Interview: Jarekus Singleton

IMG_9736_edited-1Two years ago at the International Blues Challenge I had the good fortune to meet a young bluesman out of Mississippi. We chatted and hung out and as the week went along I became a fan of not only his music but him as a person. We spoke about life’s road and music and perception vs. reality – and with his consent, I officially declared him my ”nephew’.

We have been ‘framily’ ever since. I want to thank Peggy Brown & Marsha Wooten for introducing me to this incredible young man. Also Bill Wax for playing his music on his show and giving me the musical introduction to him.
Jarekus Singleton has no cap on his talent or ability, he is quickly becoming a ‘must see’ artist on the blues circuit. With his autobiographical music and lyrics that are some of the purest street poetry since the Beat Generation became, this young man is living proof that the Blues is Alive & Thriving.

B411: Jarekus – Hi. man how are things going, you keeping busy?
Jarekus Singleton: We had a cancel in our flight, so we had to stay in Houston for two days and I had to pay for hotel rooms. Eventually I had to get a rental car and my luggage still not with me. Then I had a Washington Post interview this morning that I had missed because I had had no sleep. It’s just been crazy

B411: Well that took care of the question I was going to ask you. I was going to ask you what was the most exciting thing that happened with all your touring!
JS: These are good problems. I like these problems.

B411: You’ve been busy dude – since January you were at the IBCs and then you signed with Alligator. You’re doing national touring now, right? You’ve been to California and all through the MidWest.
JS: We did Florida, Missouri, Illinois and then Delaware. We’ve got a 2 ½ month stretch in total. We’re gigging almost every day.

B411: That’s good! That’s getting the music out there to the people! That’s got to be cool for you. How does that feel?
Does it make you think why me or how did I get here?
JS: First, why me? I see a lot of talented cats. There are a lot of talented bands out there so I never take this lightly. I’m really blessed to be in the position that I am. And I really appreciate Bruce (Iglauer) and Alligator for being so supportive of me and my movement. I’m Jarkeus man, and that’s all the person I can be. I just was blessed enough that Bruce thought I was a pretty cool dude. It feels good Chef Jimi. My band – there are a lot of great bands out here. There are a lot of great bass players, guitarists, drummers. The thing that’s going to separate me from anybody else is the work ethic. And the fine tuning on details.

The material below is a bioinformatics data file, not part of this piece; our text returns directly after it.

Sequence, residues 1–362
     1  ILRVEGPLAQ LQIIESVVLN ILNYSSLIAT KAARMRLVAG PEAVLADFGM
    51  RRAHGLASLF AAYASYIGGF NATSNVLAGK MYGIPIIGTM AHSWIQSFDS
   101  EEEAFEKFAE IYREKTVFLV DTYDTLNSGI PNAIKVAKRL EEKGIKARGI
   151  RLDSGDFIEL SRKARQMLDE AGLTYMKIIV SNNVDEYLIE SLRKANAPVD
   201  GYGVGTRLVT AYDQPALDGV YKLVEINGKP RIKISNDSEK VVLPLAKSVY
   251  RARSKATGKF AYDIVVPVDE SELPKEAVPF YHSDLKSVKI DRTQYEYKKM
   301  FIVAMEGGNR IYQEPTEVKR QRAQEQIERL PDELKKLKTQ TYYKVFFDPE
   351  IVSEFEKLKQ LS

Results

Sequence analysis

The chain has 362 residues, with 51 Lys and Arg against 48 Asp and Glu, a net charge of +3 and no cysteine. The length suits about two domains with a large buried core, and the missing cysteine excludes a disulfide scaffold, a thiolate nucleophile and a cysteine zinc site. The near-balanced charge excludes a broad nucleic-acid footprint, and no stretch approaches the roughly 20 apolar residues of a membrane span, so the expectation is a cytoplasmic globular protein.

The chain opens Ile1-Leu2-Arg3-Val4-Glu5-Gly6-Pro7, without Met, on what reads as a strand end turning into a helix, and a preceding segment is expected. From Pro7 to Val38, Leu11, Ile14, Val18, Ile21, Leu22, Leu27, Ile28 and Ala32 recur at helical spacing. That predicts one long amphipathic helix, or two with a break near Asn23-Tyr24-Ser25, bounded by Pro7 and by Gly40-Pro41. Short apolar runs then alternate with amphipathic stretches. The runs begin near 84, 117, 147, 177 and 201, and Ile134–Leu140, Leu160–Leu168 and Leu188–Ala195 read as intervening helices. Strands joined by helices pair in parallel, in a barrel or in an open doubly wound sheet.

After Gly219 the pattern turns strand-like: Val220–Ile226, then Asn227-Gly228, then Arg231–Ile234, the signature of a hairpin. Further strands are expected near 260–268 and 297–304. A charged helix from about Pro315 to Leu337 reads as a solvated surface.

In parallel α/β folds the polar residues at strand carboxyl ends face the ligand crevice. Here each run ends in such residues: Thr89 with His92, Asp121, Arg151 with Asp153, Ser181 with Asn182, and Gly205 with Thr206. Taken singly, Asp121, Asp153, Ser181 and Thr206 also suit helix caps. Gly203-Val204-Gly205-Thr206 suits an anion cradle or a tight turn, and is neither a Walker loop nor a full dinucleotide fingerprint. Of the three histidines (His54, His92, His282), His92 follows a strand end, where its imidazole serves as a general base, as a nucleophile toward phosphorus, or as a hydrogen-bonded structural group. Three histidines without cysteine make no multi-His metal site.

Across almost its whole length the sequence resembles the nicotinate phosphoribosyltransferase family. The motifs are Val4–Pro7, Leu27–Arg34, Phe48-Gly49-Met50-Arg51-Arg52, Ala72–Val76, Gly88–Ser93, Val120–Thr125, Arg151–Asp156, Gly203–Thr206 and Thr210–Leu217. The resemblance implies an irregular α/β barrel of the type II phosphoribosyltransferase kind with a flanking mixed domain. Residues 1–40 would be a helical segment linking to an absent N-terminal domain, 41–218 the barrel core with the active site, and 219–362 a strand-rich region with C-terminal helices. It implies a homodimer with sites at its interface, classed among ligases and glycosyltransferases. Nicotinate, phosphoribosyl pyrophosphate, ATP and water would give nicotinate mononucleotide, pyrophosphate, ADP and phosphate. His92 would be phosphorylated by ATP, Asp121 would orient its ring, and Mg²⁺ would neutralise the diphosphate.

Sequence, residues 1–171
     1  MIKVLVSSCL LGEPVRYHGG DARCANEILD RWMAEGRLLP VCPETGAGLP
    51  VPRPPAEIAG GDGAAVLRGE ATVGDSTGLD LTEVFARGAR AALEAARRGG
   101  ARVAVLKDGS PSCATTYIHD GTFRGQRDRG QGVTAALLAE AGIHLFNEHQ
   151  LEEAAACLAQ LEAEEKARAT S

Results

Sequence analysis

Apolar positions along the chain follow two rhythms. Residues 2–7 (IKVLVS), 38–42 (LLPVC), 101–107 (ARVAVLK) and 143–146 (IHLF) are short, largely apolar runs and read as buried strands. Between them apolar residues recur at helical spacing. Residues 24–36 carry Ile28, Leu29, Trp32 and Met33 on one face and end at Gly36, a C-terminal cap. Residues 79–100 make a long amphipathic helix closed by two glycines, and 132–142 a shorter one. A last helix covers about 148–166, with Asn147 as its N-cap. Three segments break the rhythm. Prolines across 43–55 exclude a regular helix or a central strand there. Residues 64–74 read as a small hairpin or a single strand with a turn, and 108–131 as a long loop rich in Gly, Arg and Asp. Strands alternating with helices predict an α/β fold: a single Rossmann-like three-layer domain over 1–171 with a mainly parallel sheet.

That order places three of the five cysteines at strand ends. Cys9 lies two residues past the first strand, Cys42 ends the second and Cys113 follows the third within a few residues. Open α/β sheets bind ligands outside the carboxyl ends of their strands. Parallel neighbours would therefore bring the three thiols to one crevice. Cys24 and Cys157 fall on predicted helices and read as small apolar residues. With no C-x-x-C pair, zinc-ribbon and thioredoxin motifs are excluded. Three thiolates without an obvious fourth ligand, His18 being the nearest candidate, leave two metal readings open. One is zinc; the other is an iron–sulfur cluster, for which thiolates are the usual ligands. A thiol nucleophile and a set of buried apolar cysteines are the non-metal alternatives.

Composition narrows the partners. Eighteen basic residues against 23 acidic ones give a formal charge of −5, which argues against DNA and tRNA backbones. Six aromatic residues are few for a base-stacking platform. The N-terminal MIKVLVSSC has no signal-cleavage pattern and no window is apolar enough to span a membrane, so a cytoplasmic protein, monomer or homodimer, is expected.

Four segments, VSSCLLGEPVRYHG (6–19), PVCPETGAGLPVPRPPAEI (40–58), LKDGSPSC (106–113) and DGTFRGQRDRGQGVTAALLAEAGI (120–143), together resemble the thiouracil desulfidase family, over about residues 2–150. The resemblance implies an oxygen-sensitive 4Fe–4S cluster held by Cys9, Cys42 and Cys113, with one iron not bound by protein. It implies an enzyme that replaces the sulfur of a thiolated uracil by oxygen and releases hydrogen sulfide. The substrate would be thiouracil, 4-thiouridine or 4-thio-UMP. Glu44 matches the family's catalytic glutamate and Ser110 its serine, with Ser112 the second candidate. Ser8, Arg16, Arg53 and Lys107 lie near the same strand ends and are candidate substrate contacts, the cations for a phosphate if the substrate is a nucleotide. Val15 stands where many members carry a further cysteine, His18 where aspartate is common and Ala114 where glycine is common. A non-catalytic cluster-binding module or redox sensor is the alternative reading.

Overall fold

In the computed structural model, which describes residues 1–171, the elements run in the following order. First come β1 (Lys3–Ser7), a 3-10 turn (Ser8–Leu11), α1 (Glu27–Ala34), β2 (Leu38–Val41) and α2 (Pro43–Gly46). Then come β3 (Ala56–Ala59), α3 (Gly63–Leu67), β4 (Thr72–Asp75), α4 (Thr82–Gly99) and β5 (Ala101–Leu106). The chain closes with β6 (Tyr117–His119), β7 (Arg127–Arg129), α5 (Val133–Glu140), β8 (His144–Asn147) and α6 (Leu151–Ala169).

IMG_3387_edited-1B411: Your band is pretty tight. I’ve seen you many times now, and I’m still when I see you guys play, you bring it. And every day it’s new and it’s fresh. Even the songs I know, cause I’ve heard them and I like them, and I know you’re playing it and I hear it coming, and I’m like yeah, yeah, this is the good part! But still, it’s always strong and always fresh. That’s great. You’ve got a different keyboard player now on tour?
JS: My cousin that normally plays keyboard with me, he had some things to deal with with his family, so when I go on tour he’s not able to go. So I’ve just been hiring rhythm guitar players here and I’ve got another keyboard player named Sam Brady that’s going to be with me for the remainder of this tour.
In Missouri, I had to have a rhythm guitarist and this past trip I had another rhythm guitarist playing with us so I’ve just been doing what I have to do to keep it going.

B411: How did that work with the rhythm guitarists?
JS: It worked well. The first time, I used a guy named David Jackson who was originally from Chicago. He’s one of my mentors here in Mississippi. He’s been living here since ‘98 and I met him on the circuit out here and he has been giving me a lot of sound advice. Then on the Missouri trip, I used my Uncle Tony. He’s the one who taught me how to play bass. He was already living in Irvine, California. He came out with me on this last trip on the west coast and he played rhythm guitar with me.

B411: That’s cool.  So you’ve got fingers everywhere! You’ve got family all over the place. That’s good. You know they’re not going to mess with you.
JS: No, that ain’t going to happen.

IMG_3445_edited-2B411: It was nice to see you at your CD release – you and the band. It was a different setting. It wasn’t at the IBCs, it wasn’t 20 minute set and all of that where you have to make sure you introduced yourself and the band. It was just you guys playing and it was really fun to watch you and the band play. And the people in the crowd – they were digging it, they were dancing, people were just having a great time. There was one extended song that you did – it was what I was calling the “dance mix” – the “Jarkeus Dance Mix”. It reminded me, this might be a little weird, forgive me, it sort of reminded me of Michael Burks. Because Michael would just play. Michael would play 24/7 if people were listening. And you just played and you would break into something, you’d do a little Freddy King and then you’d circle back into the little dance groove. That was just really, really cool. It was amazing to see it happen.